Apologies for a rather sneaky headline--because all 11 of these reasons can actually be found at one location. The destination-worthy restaurant is Enotria, a fine-dining haven that could easily fit into the San Francisco scene. Except that Sacramento Chef Pajo Bruich is determined to stay put, amid the bounty of Valley ingredients.
Bruich made an exception recently, though, bringing a dozen staff plus a truckload of equipment, wine and those famous ingredients to San Francisco for a special dinner featuring 11 of Enotria's iconic dishes. I was lucky enough to nab an invitation.
Chef Bruich mingled with guests as we noshed on passed hors d'oeuvres of steak tartare; house-made sturgeon chips; and oysters with horseradish "pearls." The Sacramento native grew up around the restaurant business. His mom owned a restaurant supply company, and Bruich worked there after getting a degree in fine arts and industrial design. But he became known among his friends for hosting elaborate dinners. Finally, his wife had enough and Bruich started doing catering, then pop-up dinners.
A stint as Exec Chef at Lounge ON20 earned Bruich and the restaurant kudos from Gayot.com as the number six venue for molecular gastronomy in the U.S. In 2012, he took over the kitchen at Enotria.
"People don't always think of Sacramento as having a forward-thinking culinary scene," Bruich said, "So my goal is to contribute to elevating the city's status." He's a big supporter of the local restaurant scene, and a founding member of the Sactown Dining Collective. He's also invited San Francisco chefs to come cook with him at Enotria, including Dominique Crenn (Atelier Crenn), Matthew Acquirino (SPQR), Mark Liberman (AQ) and Mark Pensa (Acquerello).
Bruich's art background shows in his beautifully designed plates. Flavors travel from Thailand, all the way to his Eastern European heritage. Two of the 11 plates were "bread courses," which sounds pretentious--and yet the breads, a heavenly brioche bun and a savory roll with bacon, were so warm, ethereal and perfectly executed that they deserved their own courses.
The kitchen elevated seemingly simple accompaniments, like a potato mille-feuille, to memorable status. The paper-thin layers of potato were brushed with salted duck fat, baked and then pressed overnight, to amazing results.
But Bruich's bent for molecular gastronomy also showed up in ways both visible and subtle. Several dishes had "dippin' dots" in the composition--little orbs frozen with liquid nitrogen that added a contrast of temperature and a zing of flavor.
Sous-vide, Pacojet, agar, compression and dehydration were all in use; tellingly, the menu didn't brag about it. I'm always suspicious when technique finds its way onto the food descriptions, but none of that here. In fact, the night's tasting menu edged into the other trendy trap of merely listing key ingredients without much hint of exactly what to expect on the plate.
Fortunately, the surprises were all tasty. Even the "Tongue" course, which had some diners a bit nervous, turned out to be a mild, smoked ribbon of meat, thin as a whisper. The "Chicken Liver" of another course was marinated in brandy and whipped into clouds.
With a name like Enotria, you'd expect a strong wine program, and the restaurant received the Wine Spectator "Best of Award of Excellence" for 2012. Sommelier Tyler Stacy, who's particularly fond of Rieslings, put together some winning combinations--a bit of a challenge with Bruich's complex plates. My favorite was a 2009 Chateau Giscours Margaux, which was a heroic pairing with the beef course.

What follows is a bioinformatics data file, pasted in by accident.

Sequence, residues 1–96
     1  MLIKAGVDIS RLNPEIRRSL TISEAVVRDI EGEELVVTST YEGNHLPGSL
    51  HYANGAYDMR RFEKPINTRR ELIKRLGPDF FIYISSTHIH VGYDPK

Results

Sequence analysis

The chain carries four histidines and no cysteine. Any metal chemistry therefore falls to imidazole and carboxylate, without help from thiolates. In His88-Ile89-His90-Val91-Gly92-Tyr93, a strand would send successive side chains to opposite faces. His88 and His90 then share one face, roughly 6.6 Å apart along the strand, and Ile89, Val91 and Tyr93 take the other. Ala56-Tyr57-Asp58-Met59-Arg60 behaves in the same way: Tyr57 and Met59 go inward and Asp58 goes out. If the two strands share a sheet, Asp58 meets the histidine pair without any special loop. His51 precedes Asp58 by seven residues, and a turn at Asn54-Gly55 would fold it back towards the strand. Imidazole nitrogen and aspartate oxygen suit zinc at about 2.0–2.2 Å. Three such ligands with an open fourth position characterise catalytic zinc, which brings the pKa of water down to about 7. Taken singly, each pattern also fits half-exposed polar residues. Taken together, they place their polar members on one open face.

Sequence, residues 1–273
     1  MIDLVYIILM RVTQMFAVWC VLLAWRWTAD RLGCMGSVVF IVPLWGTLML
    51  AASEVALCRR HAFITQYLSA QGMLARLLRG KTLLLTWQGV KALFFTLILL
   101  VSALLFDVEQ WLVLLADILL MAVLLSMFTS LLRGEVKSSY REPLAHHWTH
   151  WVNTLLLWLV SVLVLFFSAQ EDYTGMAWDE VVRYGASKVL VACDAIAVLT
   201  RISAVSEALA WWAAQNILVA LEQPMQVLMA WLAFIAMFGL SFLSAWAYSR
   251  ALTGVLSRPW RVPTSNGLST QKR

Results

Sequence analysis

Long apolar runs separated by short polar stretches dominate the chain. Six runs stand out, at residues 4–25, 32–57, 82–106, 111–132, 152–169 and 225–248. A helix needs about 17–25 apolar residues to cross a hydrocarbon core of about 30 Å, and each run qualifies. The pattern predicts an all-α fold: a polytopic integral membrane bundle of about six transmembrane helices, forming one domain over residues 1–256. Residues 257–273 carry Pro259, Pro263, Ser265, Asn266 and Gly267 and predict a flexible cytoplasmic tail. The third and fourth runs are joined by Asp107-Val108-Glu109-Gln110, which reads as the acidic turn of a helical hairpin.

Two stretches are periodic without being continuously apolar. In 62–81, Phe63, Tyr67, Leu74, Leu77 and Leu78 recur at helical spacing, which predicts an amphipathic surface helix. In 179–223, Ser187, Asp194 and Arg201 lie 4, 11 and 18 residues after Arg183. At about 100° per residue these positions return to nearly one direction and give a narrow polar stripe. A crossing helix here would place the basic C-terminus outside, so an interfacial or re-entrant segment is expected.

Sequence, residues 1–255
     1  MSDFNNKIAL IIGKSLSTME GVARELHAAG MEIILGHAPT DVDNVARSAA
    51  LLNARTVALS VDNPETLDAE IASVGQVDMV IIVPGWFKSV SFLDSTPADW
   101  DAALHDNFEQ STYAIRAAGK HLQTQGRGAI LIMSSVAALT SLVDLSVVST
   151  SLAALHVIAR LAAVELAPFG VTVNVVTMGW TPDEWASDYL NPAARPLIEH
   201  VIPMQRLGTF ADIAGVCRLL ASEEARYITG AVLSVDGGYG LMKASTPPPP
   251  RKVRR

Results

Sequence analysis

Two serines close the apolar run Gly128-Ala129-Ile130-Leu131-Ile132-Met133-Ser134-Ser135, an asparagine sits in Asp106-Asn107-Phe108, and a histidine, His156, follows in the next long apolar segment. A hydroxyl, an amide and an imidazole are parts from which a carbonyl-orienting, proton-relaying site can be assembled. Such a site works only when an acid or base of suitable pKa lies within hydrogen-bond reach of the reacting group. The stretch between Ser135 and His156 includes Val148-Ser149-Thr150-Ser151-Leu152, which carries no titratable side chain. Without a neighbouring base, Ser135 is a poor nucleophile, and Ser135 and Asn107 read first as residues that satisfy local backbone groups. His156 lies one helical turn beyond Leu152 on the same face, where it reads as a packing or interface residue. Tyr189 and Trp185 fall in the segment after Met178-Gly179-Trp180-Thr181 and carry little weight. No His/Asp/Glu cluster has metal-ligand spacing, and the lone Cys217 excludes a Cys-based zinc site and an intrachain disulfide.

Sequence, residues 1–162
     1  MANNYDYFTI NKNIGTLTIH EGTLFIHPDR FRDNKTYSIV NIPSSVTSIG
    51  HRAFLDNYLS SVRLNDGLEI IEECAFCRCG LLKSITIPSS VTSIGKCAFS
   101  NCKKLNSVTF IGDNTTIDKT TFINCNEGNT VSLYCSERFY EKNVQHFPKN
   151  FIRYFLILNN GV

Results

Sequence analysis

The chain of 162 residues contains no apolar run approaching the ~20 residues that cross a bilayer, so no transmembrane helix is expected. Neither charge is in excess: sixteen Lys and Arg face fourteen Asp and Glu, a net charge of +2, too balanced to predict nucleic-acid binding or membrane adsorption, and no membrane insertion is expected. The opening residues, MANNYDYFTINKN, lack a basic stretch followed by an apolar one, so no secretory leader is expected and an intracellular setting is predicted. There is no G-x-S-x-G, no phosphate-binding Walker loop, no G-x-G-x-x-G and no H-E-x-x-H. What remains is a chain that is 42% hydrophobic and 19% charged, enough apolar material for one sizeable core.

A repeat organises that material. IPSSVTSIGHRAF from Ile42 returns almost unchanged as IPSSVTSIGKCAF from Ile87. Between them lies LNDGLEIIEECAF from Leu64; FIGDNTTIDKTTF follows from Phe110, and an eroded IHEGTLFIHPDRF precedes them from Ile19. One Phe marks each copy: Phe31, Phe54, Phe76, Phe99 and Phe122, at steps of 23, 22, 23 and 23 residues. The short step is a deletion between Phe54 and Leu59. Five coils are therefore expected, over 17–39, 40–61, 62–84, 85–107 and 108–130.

The final surprise at the end of the evening was meeting Pastry Chef Edward Martinez. Tall, muscular and covered with tattoos, Martinez is the last person you'd guess to be a pastry chef (and in fact, he's a former gangbanger from Fresno, who enrolled in a pastry-making program to avoid prison).
In addition to his spectacular breads, Martinez employed dazzling molecular wizardry in his two dessert courses, bringing together temperatures, flavors and textures that could still impress nearly exhausted palates. Unfortunately for Enotria--but good news for Bay Areans--Martinez has since left to work at Mill Valley's El Paseo, where he can also be closer to his family.
If you're headed to Sacramento (or even if you're not), Enotria is well worth a stop. All these dishes appear on the restaurant's daily menu, where you can order a la carte or opt for 5-course ($75; $55 for wine pairings) or 7-course tasting menus ($105; $75 for wine pairings). Sacramento diners should count themselves lucky that Bruich is firmly committed to staying in his hometown (but let's hope he visits San Francisco again soon).
Here's the full rundown of all the courses with wine pairings--and don't miss the slide show, with photos of all the beautiful platings.
Caviar, coral, macadamia
NV Chartogne-Taillet, Cuvee Sainte Anne, Merfy
Fresno chili, jasmine, buckwheat
2007 Marc Tempe, Saint-Hippolyte, Reisling, Alsace
Flavors of Thailand
2008 Reinhold Haart, Goldtropfchen, Riesling, Kabinett, Mosel
Pistachio, plum, celery
2011 Fiorini, Corte delgi Attimi, Lambrusco di Sorbara, Emilia-Romagna
Corn, cured egg, Australian truffle
2011 Foradori, Fontanasanta, Manzoni Bianco, Dolomiti
Bacon, peach, cornbread
NV Duchesse de Bourgogne, Flanders Red Ale, Belgium
Calotte de boeuf
Potato, black garlic, radish
2009 Chateau Giscours, Margaux
Lemon, Kaffir lime, lemongrass
2003 Pfeffingen, Herrenberg, Riesling, Auslese, Pfalz
Maple, pecan, tobacco
1994 Blandy's, Malmsey, Colheita, Madeira
Enotria, 1431 Del Paso Blvd., Sacramento, (916) 922-6792